I haven’t started my Wild Rose Detox for the year, it’s too early.  I just can’t dig into chilly salads while the temps are low so I’m practicing until March or so when I open the box, dig out the food lists and bottles and start up again.  Last year I was pregnant and I didn’t detox, so this year I’m excited, or at least as excited as you can be about eating a diet of brown rice.   I’m convinced that it really helps my body and re-educates my taste buds.

I know that there is a lot of medical advice out there that says your body doesn’t need to detox, but my gut says that if I eat sugar, junk fats and alcohol, my poor liver is working pretty hard.  I figure bad gunky has got to get stored up in my liver and it makes sense that I need to clean it out. 

But even if that’s not the case (as some experts say) giving my hard-working liver a rest while I eat real single-ingredient foods has got to help it.  Because afterwards I will at times consume food that’s less than ideal for me, as surely as the Wild Rose laxatives will overperform within a dayor two of starting the program. 

What is it with those laxatives?  By day 2 or 3 I feel like a 16 year old bulemic doing penance for a Dream Whip and Count Chocula binge.  I figure the thinking behind it is that there are people doing the program who have never seen a whole grain before.  And when they go from a diet of Wonder Bread to the uber-fiber meals that make up this detox they’re guaranteed to get as locked up as the Hoover Dam.  The laxatives are for them.  But for me the moment they start working their magic I cut the dosage back to half or less.  I figure that living in my bathroom just can’t be good for me.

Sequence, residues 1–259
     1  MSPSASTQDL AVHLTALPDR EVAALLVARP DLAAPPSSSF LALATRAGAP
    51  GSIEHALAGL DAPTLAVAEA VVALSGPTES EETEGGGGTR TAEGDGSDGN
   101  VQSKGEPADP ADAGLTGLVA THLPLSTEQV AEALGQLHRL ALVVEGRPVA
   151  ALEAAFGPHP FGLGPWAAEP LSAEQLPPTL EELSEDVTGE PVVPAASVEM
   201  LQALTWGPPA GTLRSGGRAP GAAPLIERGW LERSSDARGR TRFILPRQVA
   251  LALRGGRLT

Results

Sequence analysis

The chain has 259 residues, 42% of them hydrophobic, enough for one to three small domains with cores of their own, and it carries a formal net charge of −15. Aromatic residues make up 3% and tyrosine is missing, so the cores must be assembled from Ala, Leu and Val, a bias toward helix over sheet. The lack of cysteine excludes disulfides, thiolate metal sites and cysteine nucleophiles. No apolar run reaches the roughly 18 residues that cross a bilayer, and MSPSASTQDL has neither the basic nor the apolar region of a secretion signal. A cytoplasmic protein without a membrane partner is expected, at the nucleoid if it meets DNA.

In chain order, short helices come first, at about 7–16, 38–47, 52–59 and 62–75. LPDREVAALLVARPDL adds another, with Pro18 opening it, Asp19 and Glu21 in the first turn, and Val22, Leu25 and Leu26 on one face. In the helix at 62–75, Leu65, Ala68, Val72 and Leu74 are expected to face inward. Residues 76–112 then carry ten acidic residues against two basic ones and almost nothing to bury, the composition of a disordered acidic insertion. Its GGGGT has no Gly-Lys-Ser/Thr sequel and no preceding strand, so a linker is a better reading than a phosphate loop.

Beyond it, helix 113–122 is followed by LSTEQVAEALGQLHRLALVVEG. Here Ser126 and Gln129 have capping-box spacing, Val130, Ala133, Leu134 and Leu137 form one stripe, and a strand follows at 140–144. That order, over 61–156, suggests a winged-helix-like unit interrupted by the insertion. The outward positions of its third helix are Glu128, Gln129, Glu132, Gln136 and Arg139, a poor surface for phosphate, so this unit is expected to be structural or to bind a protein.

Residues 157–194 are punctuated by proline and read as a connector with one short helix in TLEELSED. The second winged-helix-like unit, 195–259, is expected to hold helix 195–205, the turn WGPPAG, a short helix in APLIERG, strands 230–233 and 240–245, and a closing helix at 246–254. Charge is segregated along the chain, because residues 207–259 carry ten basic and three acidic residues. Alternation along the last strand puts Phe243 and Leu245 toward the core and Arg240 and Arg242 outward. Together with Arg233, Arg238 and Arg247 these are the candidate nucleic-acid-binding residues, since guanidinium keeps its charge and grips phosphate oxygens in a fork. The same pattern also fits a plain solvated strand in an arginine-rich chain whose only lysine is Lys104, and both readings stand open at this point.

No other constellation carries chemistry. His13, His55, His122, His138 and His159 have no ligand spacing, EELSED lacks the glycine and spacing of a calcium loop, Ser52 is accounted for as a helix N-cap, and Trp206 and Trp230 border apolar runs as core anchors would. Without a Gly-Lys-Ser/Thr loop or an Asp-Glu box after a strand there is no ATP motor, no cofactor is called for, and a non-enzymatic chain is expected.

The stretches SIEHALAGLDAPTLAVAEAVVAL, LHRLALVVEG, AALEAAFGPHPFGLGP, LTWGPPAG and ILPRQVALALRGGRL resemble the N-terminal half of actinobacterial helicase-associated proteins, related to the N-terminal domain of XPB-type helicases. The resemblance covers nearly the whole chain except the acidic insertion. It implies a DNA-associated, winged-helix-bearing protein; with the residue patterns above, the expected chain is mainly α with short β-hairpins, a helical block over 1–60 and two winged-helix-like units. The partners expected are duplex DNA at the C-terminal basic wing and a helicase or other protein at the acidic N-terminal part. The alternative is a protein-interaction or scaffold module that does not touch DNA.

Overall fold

But enough about that, let’s talk oatmeal, which may not be an improvement in topic for some, but stick with me.  Breakfasts can be challenging and repetitious on the Wild Rose Detox program.  Eggs are only 20% and you can’t have toast with them anyways.  There just aren’t that many cereal type options and unsweetened soy milk is not that tasty. 

I wanted to try steel cut oats because I heard they have a more rough texture, they’re less like the usual mushy oatmeal.  The challenge is that they take 30-40 minutes to cook on the stove.  While I have that kind of time in the a.m., I don’t have the flexibility to stand over the stove. 

So I thought I would try the rice cooker.  My handy instruction manual said it would do cereals too.  The rice cooker generally takes an hour to do its thing but at least I don’t have to stand over it.  The other bonus is that mine has a timer, so I could conceivably set it up the night before and wake up to a tasty hot belly-filling breakfast.  Here’s the detox friendly recipe, and in brackets are the ingredients I used yesterday since I’m not detoxing:

Steel Cut Oats Breakfast

 1 cup steel cut oats

3 cups water

1 cup unsweetened soy milk (milk if I’m not detoxing)

a sprinkle of cinnamon

3-4 chopped up prunes (raisins if I’m not detoxing)

a handful of coarsely chopped almonds (any nut or seed if I’m not detoxing, I used sunflower seeds)

a sprinkle of salt

I put it all in the rice cooker and simply turned it on, then gave it a stir when it beeped that it was finished.  How does the rice cooker know it’s done?  Those little machines are magic. 

When I served it, I added a bit more milk in my bowl and a sprinkle of brown sugar (again, because I’m *not* detoxing).  It was thick and creamy and tasty.  It also stuck with me all morning which I can’t usually say about my breakfasts.  A winner all around.

 I’m going to work on a few other new detox recipes which I’ll post, as well as try the old standbys while I “practice” for my detox.  There have also been good suggestions in the comments to this post that are worth reviewing.  Hopefully some practice time will make the real thing much easier, and my liver will hardly notice the difference.